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Breaking News UK Scientists/Docs Test LESS PAIN/MORE Air For Lung Disease Patients

Nerve Zapper That's a Breath of Fresh Air For Lung Disease Patients:
Balloon Treatment Offers New hope for Those Living in Pain > Gasping for Air



  • Operation for those with chronic obstructive pulmonary disease (COPD)
  • Hour-long procedure works by burning away a patient's damaged nerves
  • Signals from nerves make airwaves narrow making patients short of breath
  • During procedure electrode placed inside balloon and burns nerves away
Daily Mail UK, 9 July 2016.



Sufferers of severe lung disease are being offered a remarkable new surgical treatment which uses tiny electrodes to burn away nerves that make them feel breathless.


The operation, which is being tested on NHS patients at the Royal Brompton and Chelsea and Westminster Hospitals in London, is the latest hope for those with chronic obstructive pulmonary disease (COPD) – an umbrella term for conditions causing lung damage, including chronic bronchitis and emphysema.


COPD affects many millions throughout the world.




The hour-long procedure works by burning away damaged nerves, and in doing so prevents the abnormal narrowing of the airways and over-production of mucus.







Pictured, how the new treatment works - a catheter with an electrode inside a deflated ‘balloon’ is introduced through a tube and then inflated to hold the electrode in place



In patients with COPD, nerves in the lungs become overactive, often because of damage caused by smoking. Chemical signals from these nerves prompt the airways in the lungs to contract and narrow, so patients feel very short of breath.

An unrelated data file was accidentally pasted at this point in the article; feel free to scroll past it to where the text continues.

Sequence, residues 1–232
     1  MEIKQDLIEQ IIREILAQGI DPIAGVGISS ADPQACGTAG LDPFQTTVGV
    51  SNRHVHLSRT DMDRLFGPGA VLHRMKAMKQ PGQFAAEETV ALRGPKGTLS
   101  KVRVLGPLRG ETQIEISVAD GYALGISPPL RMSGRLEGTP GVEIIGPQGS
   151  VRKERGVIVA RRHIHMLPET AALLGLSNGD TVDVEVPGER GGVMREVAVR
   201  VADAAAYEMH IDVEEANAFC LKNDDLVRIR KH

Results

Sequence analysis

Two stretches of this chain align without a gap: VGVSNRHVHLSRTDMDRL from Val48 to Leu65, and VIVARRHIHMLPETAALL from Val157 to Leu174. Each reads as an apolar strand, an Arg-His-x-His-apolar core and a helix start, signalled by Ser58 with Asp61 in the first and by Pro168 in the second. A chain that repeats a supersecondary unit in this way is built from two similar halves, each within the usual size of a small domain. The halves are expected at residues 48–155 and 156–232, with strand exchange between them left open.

The same faulty nerves also make the lungs release much more mucus, so patients can cough and wheeze.


Patients are typically given medication delivered through inhalers which acts against these chemical signals.


These drugs, called bronchodilators, allow the airways to relax and open so the patient can breathe more easily.


But Dr Pallav Shah, consultant physician at the hospitals taking part in the international clinical trial, called AIRFLOW-1, says: ‘Inhalers only work temporarily, can be distributed irregularly within the lungs, and may cause side effects such as blurred vision and urine retention in a small number of patients.

‘They are also short-acting, and patients may forget to take them.’


The latest procedure uses a device called the dNerva Dual Cooled RF Catheter, which destroys branches of the vagus nerve in the lungs. The nerve is responsible for muscle contraction and mucus secretion.


During the procedure, doctors insert a narrow tube with a light and camera at its tip into the airways under general anaesthetic. A catheter with an electrode inside a deflated ‘balloon’ is introduced through the tube, and then inflated to hold the electrode in place. Radiofrequency energy delivered through the tip destroys the nerve branches